• During speech, they are together,
and sound is produced as air is
expelled from the lungs, causing
the cords to vibrate against each
other and make your voice noise.
• Air passes from the larynx into the
trachea, also known as the
• It is held open by a series of Cshaped cartilage rings.
• The trachea divides into two
branches called bronchi (singular =
•Within the lung, the bronchus
divides and subdivides into
smaller branches called
•Because of the similarity of
these branching structures to a
tree, this is referred to as the
bronchial tree.
• Alveoli, also known as air sacs, are
small grapelike clusters found at
the end of each bronchiole.
• The thin alveoli walls are
surrounded by microscopic
pulmonary capillaries.
• This is where the gas exchange
The Lungs
• A lobe is a division of the lungs.
• The right lung has three lobes, the
superior, middle and inferior.
• The left lung has two lobes, the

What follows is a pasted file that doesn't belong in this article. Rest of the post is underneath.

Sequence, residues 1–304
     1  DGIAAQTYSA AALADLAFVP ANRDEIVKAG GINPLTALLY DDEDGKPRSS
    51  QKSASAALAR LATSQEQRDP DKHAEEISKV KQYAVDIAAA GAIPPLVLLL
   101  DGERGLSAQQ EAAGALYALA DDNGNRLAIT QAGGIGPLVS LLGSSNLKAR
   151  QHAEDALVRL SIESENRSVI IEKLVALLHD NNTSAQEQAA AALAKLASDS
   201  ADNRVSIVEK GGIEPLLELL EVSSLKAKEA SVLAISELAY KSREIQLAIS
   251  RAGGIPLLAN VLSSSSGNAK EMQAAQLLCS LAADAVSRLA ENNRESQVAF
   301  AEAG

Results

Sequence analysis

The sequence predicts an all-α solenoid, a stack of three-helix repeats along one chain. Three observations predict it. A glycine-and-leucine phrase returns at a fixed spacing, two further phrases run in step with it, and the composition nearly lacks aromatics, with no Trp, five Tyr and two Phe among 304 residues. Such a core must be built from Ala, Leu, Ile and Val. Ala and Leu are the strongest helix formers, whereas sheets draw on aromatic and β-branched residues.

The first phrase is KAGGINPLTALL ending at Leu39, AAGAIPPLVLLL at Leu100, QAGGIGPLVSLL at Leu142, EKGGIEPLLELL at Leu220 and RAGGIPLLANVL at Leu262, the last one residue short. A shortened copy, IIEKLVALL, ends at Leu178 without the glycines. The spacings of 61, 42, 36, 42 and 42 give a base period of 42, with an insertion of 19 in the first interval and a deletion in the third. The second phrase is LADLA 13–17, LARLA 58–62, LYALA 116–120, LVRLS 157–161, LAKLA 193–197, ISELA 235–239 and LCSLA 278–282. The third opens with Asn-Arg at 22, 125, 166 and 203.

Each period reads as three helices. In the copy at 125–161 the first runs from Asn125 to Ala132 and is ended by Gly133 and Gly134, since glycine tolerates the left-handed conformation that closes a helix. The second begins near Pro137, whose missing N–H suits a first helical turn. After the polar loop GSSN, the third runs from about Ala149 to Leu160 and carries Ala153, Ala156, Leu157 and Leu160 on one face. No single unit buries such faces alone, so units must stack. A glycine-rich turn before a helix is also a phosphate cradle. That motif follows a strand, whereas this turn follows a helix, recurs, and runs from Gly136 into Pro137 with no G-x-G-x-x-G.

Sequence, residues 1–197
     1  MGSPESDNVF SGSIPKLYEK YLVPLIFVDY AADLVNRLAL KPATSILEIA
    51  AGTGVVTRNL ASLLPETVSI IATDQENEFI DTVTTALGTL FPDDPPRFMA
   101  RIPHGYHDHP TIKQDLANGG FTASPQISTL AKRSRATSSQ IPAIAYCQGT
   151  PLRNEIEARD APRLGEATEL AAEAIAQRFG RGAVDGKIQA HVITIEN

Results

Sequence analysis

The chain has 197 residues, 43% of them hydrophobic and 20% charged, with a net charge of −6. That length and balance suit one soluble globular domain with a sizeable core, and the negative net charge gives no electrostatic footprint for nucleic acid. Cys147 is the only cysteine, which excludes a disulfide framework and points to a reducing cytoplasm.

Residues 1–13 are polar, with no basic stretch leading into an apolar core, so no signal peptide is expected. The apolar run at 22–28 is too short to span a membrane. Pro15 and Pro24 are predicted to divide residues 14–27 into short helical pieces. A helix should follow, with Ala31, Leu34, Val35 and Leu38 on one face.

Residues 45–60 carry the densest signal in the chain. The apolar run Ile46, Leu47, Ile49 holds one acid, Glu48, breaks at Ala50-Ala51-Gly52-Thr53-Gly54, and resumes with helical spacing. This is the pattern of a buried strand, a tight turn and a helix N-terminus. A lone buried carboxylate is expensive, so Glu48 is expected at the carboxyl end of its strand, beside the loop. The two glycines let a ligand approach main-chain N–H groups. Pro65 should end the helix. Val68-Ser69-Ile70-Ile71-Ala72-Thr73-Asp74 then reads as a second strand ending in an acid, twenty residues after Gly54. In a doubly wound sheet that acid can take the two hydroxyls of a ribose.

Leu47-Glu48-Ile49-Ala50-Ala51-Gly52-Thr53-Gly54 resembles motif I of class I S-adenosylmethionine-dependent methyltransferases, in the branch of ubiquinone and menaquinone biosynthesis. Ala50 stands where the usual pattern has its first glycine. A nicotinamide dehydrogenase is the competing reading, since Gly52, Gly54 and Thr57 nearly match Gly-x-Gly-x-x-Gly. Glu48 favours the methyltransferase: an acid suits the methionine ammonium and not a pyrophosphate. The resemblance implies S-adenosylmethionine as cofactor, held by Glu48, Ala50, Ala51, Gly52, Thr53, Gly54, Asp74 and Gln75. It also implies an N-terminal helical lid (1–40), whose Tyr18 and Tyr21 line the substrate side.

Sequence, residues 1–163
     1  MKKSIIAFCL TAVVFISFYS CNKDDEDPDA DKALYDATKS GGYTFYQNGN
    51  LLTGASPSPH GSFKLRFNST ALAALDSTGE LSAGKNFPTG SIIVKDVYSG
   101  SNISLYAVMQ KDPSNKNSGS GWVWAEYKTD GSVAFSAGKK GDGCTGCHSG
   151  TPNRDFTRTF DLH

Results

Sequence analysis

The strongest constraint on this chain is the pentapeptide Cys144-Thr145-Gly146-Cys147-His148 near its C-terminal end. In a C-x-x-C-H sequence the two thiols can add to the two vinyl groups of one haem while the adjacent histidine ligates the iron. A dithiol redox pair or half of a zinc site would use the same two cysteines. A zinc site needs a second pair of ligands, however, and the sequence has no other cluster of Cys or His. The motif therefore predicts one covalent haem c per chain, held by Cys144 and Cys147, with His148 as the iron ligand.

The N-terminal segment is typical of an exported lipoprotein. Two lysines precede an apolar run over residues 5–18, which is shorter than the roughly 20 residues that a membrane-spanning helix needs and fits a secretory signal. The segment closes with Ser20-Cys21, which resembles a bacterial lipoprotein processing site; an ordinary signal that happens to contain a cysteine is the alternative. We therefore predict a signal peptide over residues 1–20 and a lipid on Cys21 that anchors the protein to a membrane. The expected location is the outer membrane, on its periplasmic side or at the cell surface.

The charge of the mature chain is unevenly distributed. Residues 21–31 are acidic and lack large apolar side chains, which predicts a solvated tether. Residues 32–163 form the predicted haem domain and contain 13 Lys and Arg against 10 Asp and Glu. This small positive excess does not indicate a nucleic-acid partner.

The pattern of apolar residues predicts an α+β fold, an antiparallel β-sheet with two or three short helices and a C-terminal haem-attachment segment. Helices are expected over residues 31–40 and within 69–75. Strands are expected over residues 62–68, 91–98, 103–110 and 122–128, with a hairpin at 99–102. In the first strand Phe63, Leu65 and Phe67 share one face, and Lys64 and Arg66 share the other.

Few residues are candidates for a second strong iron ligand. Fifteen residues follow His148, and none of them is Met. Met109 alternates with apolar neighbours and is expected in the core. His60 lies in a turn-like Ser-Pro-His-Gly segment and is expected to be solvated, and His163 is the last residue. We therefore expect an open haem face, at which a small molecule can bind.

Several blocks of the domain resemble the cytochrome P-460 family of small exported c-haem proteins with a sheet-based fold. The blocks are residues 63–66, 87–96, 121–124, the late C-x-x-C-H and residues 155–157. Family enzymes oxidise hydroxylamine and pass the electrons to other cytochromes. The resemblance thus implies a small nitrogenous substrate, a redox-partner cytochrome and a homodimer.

superior and the inferior.
• The mediastinum is the space
between the lungs.
• The pleura is a membrane that
surrounds each lung.
• The parietal pleura is the outer
layer of the pleura; forms the sac
containing each lung.
• The visceral pleura is the inner
layere of the pleura. It closely
surrounds the lung tissue.
• The pleural space, also known as
the pleural cavity, is the airtight
space between the folds of the
pleural membrane.
• It contains a watery lubricating
fluid that prevents friction when
the membranes rub together
during respiration.
The Diaphragm (phren/o)
• The diaphragm is the muscle
separating the thoracic and
abdominal cavities.
• When this contracts & relaxes,
breathing is possible.
• The phrenic nerve stimulates the
diaphragm and causes it to
• This is the exchange of gases
essential to life.
• This occurs in the lungs as external
respiration and in the cells as
internal respiration.
• Inhalation – breathing in
• Exhalation – breathing out
• As air is inhaled into the alveoli,
oxygen passes into the surrounding
capillaries and is carried by the
RBCs to all body cells.
• At the same time, the waste
product carbon dioxide passes
from the capillaries into the
airspaces of the lungs to be
• Internal respiration is the exchange
of gases within the cells of all body
organs and tissues.
• Oxygen (O2) passes from the